Lord, you take sin much more seriously than we do. Please help us to grieve over our sins -- enough that we will repent and turn from them. And help us as we seek to order our lives so that you are truly King! In Jesus' name, we pray. Amen.
"Ezra had devoted himself to the study and observance of the Law of the LORD, and to teaching its decrees and laws in Israel." (Ezra 7:10, NIV)
"I was ashamed to ask the king for soldiers and horsemen to protect us from enemies on the road, because we had told the king, 'The gracious hand of our God is on everyone who looks to him, but his great anger is against all who forsake him.' So we fasted and petitioned our God about this, and he answered our prayer." (Ezra 8:22-23)
"They have taken some of their daughters as wives for themselves and their sons, and have mingled the holy race with the peoples around them. And the leaders and officials have led the way in this unfaithfulness." (Ezra 9:2)
 Several luminaries are found among his ancestors: Hilkiah is high priest during the reign of Josiah, who found the lost book of the law while repairing the temple. He was a leader in the ensuing reformation and purification of the temple in 621 BC (2 Kings 22:8ff; 23:4). Zadok is high priest under David (2 Samuel 8:17; 1 Chronicles 12:38-40), loyal to David's son Solomon (1 Kings 1). Phinehas is zealous against immorality and religious apostasy of Israel (Numbers 25). Eleazar succeeds his father Aaron as high priest after his death, and assisted both Moses and Joshua in their missions. Aaron is Moses' brother and the first high priest.
 The Kings of Persia also used other capital cities including Pasargadae, Ecbatana, Susa, and Persepolis.
 D. A. Hagner, "Scribes," ISBE 4:359-361.
 "Gracious hand" (NIV, NRSV), "good hand" (ESV, KJV) uses the adjective ṭôb, "good" in a broad sense of the term.
 "Enemies" (NIV) or "the hand of the enemy" (NRSV, ESV, KJV) uses the noun ʾōyēb, "a participle of the verb ʾāyab, "to be an enemy, be hostile to" (TWOT #78). "Bandits" (NIV), "ambushes" (NRSV, ESV), "of such as lay in wait" (KJV) is the noun ōreb , "ambuscade," from the verb ārab, "to lie in wait, ambush." David used the word to describe how his enemies waited for a time they could find him vulnerable and attack (Psalm 10:9; 59:3).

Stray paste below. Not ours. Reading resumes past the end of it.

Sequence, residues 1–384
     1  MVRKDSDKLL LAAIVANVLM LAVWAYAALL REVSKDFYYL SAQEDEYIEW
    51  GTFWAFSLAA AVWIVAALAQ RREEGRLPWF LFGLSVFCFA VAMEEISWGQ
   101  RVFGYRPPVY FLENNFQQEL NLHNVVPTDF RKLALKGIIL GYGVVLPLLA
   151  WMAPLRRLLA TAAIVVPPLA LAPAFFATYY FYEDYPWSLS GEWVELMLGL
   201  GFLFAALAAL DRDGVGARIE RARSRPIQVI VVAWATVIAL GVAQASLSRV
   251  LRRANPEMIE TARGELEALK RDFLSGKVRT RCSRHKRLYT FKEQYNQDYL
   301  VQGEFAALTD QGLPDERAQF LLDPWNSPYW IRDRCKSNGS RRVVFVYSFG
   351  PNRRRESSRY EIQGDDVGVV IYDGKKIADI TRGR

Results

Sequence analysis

Of course, a distinct language is part of the root of a unique culture; so is religion.
 "Appalled" (NIV, NRSV, ESV), "astonied" (KJV) is the Poel participle shāmēm, "be desolate, appalled." Basic to the idea of the root is the desolation caused by some great disaster, usually as a result of divine judgment. Here the word is used in the sense of 'horror' and 'shock' brought about by the vision of desolation. It is the inner response to the outward scene (Hermann J. Austel, TWOT #2409).
 The Hebrew noun is taʿanît, "humiliation (by fasting)", from ʿānâ, "afflict, oppress, humble" (TWOT #1652f).
 Victor P. Hamilton, pālal, TWOT #1776, Hithpael stem.
 The Hithpael form is normally employed when this verb is used to convey the confession of national sins (Daniel 9:4, 20; Nehemiah 1:6; 9:2-3). Ralph H. Alexander, yādâ, TWOT #847.
 John N. Oswalt, bākâ, TWOT #243, Qal stem.
 "Ashamed" is bôsh, "to fall into disgrace, normally through failure, either of self or of an object of trust." John Oswalt notes, "The force of bôsh is somewhat in contrast to the primary meaning of the English 'to be ashamed,' in that the English stresses the inner attitude, the state of mind, while the Hebrew means 'to come to shame' and stresses the sense of public disgrace, a physical state" (John N. Oswalt, TWOT #222). "Disgraced" (NIV), "blush" (NRSV, ESV, KJV) is kālam, "be ashamed ... the sense of disgrace which attends public humiliation" (John N. Oswalt, TWOT #987).
 "Wall of protection" (NIV), "protection" (ESV), "wall" (NRSV, KJV) is gādēr, "wall, fence, hedge."
 Leviticus 18:24-30; Deuteronomy 7:1-3; 12:31; 18:12; Malachi 2:11.
 "Weep bitterly" translates what is literally "weep with very great weeping," using a common Hebraic repetition of the verbal root to indicate intensity. Here the intensity is increased even more by the addition of the participle rābâ, "become, great, many, much, numerous." The KJV translation, "The people wept very sore," is difficult to understand.
 Shecaniah's name means "Yahweh has taken (His) dwelling." This is the same word as the Shekinah glory of God.
 In the apocryphal book 1 Esdras 8:92-96 relating this incident, he is stated to be Jechonias.
 "Send away" (NIV, NRSV), "put away" (ESV, KJV) is the Hiphil stem of yāṣāʾ. The basic idea of the verb is "go out, come out, go forth," used literally of going out from a particular locality or from the presence of a person. But the Hiphil adds the causative idea, "to cause to go out, send away" (Paul R. Gilchrist, yāṣāʾ, TWOT #893).
You can see my careful exposition of 1 Corinthians 7 in my book 1
Discipleship Lessons from a Troubled Church (JesusWalk Publications, 2014), chapter 7, or on my website at http://www.jesuswalk.com/1corinthians/07_marriage_divorce.htm